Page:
.catch()

A promise method for when the AJAX call fails. These failures can occur for a variety of reasons. Internet went down, url is incomplete, the server you're hitting running into errors... it's important to know why things go wrong when they do. That's why the catch method allows you to catch and interpret errors when they occur.

.catch(function (error){
  console.log("fail");
  console.log(error)
});

async / await

Promises are great! They save us from "callback hell" and provide some very nice error-handling. The downside to Promises is that they require a fair amount of boilerplate code. Each synchronous step requires a brand new .then() or .catch() block, and each of those blocks requires a new anonymous function or arrow function.

With React's Webpack set-up, we have brand new ES7+ features available to us. Let's take a look at how async / await, one of the best new Javascript language features, will give us this same functionality with even less boilerplate!

Using async / await, we can re-write the axios calls above like this:

const getSomeData = async () => {
	const data = await axios.get(url)
	document.window.append(data)
}

If we break this down, there are two steps we'll need to follow:

  1. Any synchronous code must be run inside of a function with the async prefix. This is as simple as just typing the word async before our function definition.
  2. Any time we want to stop and wait for a block of code to complete, we prefix the command with await. In the block of code above, we are telling our code to await the return of our axios call, and only then will we append the data to the DOM.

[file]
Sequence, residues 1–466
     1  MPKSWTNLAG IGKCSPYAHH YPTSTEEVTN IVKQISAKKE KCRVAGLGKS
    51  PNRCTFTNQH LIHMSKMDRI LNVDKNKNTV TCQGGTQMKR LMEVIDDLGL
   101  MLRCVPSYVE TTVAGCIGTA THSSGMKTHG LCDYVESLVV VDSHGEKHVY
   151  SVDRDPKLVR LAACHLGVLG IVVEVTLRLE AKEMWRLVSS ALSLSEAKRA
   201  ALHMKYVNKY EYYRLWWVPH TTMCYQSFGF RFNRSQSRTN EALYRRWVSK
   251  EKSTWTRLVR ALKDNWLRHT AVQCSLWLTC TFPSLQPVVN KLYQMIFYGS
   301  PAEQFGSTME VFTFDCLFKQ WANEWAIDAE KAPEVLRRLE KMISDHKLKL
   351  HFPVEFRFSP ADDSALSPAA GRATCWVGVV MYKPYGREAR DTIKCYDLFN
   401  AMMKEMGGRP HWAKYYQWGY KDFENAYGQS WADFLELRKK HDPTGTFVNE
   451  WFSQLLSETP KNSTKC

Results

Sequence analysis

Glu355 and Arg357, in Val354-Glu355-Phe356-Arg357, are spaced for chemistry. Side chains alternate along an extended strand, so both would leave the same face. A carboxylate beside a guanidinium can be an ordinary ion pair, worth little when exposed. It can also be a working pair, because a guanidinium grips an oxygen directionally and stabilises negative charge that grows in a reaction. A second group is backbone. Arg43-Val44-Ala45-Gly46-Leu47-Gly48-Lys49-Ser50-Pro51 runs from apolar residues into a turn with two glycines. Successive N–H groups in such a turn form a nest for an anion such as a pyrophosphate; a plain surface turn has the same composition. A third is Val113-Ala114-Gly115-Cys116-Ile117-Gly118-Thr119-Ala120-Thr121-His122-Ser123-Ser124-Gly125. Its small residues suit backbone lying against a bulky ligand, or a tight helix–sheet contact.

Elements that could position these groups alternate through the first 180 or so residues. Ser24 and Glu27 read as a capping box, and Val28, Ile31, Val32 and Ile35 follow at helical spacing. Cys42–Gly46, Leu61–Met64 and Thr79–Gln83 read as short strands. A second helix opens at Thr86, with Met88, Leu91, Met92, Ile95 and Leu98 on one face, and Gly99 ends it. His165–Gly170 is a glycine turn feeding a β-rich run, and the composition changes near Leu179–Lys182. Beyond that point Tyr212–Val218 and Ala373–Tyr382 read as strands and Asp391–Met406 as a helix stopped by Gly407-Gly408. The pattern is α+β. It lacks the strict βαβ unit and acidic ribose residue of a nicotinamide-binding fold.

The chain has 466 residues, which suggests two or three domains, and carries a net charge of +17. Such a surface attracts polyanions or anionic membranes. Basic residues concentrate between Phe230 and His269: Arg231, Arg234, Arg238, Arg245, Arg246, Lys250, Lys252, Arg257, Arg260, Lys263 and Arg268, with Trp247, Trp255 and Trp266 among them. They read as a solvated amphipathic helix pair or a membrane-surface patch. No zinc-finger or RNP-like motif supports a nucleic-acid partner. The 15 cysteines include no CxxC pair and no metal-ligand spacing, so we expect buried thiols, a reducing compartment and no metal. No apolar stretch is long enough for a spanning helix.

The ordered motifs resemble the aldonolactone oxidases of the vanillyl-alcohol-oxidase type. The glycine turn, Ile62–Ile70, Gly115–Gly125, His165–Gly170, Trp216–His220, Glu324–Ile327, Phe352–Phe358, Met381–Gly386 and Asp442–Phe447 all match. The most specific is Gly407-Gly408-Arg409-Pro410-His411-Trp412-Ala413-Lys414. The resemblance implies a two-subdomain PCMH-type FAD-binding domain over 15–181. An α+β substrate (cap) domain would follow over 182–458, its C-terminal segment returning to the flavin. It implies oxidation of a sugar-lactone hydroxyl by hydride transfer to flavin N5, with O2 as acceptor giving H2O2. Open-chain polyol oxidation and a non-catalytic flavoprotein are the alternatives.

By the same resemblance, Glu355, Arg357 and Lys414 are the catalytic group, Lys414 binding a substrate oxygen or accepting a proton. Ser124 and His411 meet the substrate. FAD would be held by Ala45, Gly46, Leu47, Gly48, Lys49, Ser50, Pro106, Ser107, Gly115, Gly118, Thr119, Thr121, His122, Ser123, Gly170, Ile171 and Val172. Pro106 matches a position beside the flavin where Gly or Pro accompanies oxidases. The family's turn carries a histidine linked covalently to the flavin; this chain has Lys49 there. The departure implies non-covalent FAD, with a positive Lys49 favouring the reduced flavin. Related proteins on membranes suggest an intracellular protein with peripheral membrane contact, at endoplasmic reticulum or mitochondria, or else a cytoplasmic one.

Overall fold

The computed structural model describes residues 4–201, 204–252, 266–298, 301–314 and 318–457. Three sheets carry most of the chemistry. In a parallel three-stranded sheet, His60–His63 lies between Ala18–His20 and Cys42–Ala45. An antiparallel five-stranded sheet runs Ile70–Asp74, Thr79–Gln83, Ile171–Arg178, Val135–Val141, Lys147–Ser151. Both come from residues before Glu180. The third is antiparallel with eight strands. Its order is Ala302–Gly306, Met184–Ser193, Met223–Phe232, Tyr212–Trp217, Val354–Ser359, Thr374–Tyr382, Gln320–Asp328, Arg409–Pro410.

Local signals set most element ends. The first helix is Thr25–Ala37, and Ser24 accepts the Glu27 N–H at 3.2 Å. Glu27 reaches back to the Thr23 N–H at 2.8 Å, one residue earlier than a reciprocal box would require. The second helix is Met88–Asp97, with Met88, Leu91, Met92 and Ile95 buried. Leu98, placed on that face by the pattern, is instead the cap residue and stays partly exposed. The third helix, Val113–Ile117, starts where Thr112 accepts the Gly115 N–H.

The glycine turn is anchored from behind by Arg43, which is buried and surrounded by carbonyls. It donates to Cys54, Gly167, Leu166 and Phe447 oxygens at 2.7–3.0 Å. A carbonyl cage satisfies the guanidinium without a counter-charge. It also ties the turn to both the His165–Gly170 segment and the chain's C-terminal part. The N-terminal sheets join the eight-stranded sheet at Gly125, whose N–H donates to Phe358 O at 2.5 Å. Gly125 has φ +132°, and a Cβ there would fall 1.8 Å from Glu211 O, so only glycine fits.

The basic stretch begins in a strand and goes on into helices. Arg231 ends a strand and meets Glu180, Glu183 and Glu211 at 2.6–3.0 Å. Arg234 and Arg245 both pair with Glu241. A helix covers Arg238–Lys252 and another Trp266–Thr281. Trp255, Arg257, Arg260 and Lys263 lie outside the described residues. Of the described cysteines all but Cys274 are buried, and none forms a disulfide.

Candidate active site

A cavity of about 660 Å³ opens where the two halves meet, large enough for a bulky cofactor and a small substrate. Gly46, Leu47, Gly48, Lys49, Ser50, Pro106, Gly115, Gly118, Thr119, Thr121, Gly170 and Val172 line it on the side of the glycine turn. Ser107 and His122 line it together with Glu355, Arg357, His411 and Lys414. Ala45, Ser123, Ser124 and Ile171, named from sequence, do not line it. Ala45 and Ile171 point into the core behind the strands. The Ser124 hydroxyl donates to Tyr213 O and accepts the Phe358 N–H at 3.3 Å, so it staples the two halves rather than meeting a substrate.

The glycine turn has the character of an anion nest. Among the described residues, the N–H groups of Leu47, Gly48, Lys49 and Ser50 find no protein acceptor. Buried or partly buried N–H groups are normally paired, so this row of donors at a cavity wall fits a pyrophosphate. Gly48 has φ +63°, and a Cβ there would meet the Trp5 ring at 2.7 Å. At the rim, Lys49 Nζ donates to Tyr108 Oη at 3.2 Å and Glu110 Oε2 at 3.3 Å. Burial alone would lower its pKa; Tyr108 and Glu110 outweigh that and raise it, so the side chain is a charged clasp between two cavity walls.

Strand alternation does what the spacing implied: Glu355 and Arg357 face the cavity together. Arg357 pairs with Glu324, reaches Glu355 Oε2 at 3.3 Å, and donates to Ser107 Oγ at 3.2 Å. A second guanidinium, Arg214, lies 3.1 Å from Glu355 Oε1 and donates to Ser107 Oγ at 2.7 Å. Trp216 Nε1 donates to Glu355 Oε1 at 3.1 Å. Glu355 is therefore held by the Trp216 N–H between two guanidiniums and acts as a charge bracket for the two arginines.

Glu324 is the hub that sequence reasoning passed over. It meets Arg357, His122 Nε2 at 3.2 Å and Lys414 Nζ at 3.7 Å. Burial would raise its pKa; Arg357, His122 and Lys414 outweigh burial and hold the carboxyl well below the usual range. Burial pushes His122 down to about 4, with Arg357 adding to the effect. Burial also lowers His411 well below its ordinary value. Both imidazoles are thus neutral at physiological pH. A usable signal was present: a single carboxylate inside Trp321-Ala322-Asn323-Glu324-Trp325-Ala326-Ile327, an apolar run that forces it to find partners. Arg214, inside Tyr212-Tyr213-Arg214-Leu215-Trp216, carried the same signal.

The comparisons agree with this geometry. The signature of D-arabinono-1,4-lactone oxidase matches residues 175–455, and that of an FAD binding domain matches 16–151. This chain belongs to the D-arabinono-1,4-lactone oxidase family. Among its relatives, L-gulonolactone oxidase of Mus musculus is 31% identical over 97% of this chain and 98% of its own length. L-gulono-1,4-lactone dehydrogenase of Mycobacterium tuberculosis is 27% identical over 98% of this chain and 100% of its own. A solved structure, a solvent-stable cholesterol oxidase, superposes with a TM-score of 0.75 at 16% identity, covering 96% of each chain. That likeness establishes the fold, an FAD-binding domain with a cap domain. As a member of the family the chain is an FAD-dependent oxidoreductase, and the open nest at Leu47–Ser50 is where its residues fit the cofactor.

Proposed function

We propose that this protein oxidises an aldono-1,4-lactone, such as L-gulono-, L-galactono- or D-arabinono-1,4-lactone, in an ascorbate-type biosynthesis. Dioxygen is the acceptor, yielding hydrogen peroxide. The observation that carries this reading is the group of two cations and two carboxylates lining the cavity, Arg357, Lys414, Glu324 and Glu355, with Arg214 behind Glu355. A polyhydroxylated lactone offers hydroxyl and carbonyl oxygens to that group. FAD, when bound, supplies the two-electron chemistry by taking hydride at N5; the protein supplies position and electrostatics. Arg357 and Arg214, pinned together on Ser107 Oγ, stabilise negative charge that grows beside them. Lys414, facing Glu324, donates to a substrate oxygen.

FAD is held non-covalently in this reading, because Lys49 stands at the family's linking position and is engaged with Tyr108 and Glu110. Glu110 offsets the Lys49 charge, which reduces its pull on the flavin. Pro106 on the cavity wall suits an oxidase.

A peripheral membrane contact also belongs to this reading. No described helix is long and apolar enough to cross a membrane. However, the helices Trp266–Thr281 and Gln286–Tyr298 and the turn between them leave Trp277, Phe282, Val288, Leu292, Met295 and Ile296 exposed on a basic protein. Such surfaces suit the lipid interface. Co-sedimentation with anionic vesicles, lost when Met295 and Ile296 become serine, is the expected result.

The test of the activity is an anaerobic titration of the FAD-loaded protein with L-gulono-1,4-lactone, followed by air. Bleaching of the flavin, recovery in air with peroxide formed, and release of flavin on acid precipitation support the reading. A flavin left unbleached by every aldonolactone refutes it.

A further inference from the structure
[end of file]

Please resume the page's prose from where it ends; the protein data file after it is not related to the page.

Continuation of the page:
Note: We can await as many blocks of code as we want, as long as they are all inside of the async function.

While Promises are still totally valid, let's see if we can start refactoring our React code to use this great, clean syntax!

BREAK

Making API Calls in a React Application.

React Component Lifecycle

When building a React application, EVERYTHING is a component. In React, we usually create a component by extending the React.Component method. When we extend the Component class, we gain the methods that allow us to build a stateful component. So far, we've only been working with the render method, but there are several other functions we have access to when building React apps. These methods get executed every time a component is mounted, updated, or unmounted.

NOTE Remember that this only applies to stateful components, these methods are not available in stateless (aka dumb) components.

React Lifecycle Methods

React Component Docs!

Lifecycles

A React component has 3 separate lifecycles. A lifecycle is a series of methods that prepare the component to be updated in the DOM. These methods are Mounting, Updating, and Upmounting.

Mounting

When a component is rendered on screen for the first time, there are several methods that are called before, during, and after the component is rendered.

render(): The render() method is the only lifecycle method that is required to be called in every component. In the render function, you return the JSX that you want to render on the page. NOTE: You should NEVER make API calls from within the render method. (This is why we make our API calls in componentDidMount)

componentDidMount(): This is invoked immediately after a component is mounted and available within the DOM, and allows you to execute code once the component is available and visible on the client's screen. We will be using this method to start API calls with our server.

Updating State and Props

The mounting lifecycle only takes place when the component is initially being rendered. Any modifications that happen afterward go through the update lifecycle methods. Let's quickly go over these.

render(): The same render method from mounting also gets called whenever doing an update.

componentDidUpdate(). Allows you to executes functions after the DOM has been updated.

Unmounting

componentWillUnmount(): There is only one method that gets called whenever you unmount a component. componentWillUnmount is useful for performing certain cleanup tasks. (i.e. canceling network requests and invalidating timers)

Further Reading:

Ajax and Axios In A React App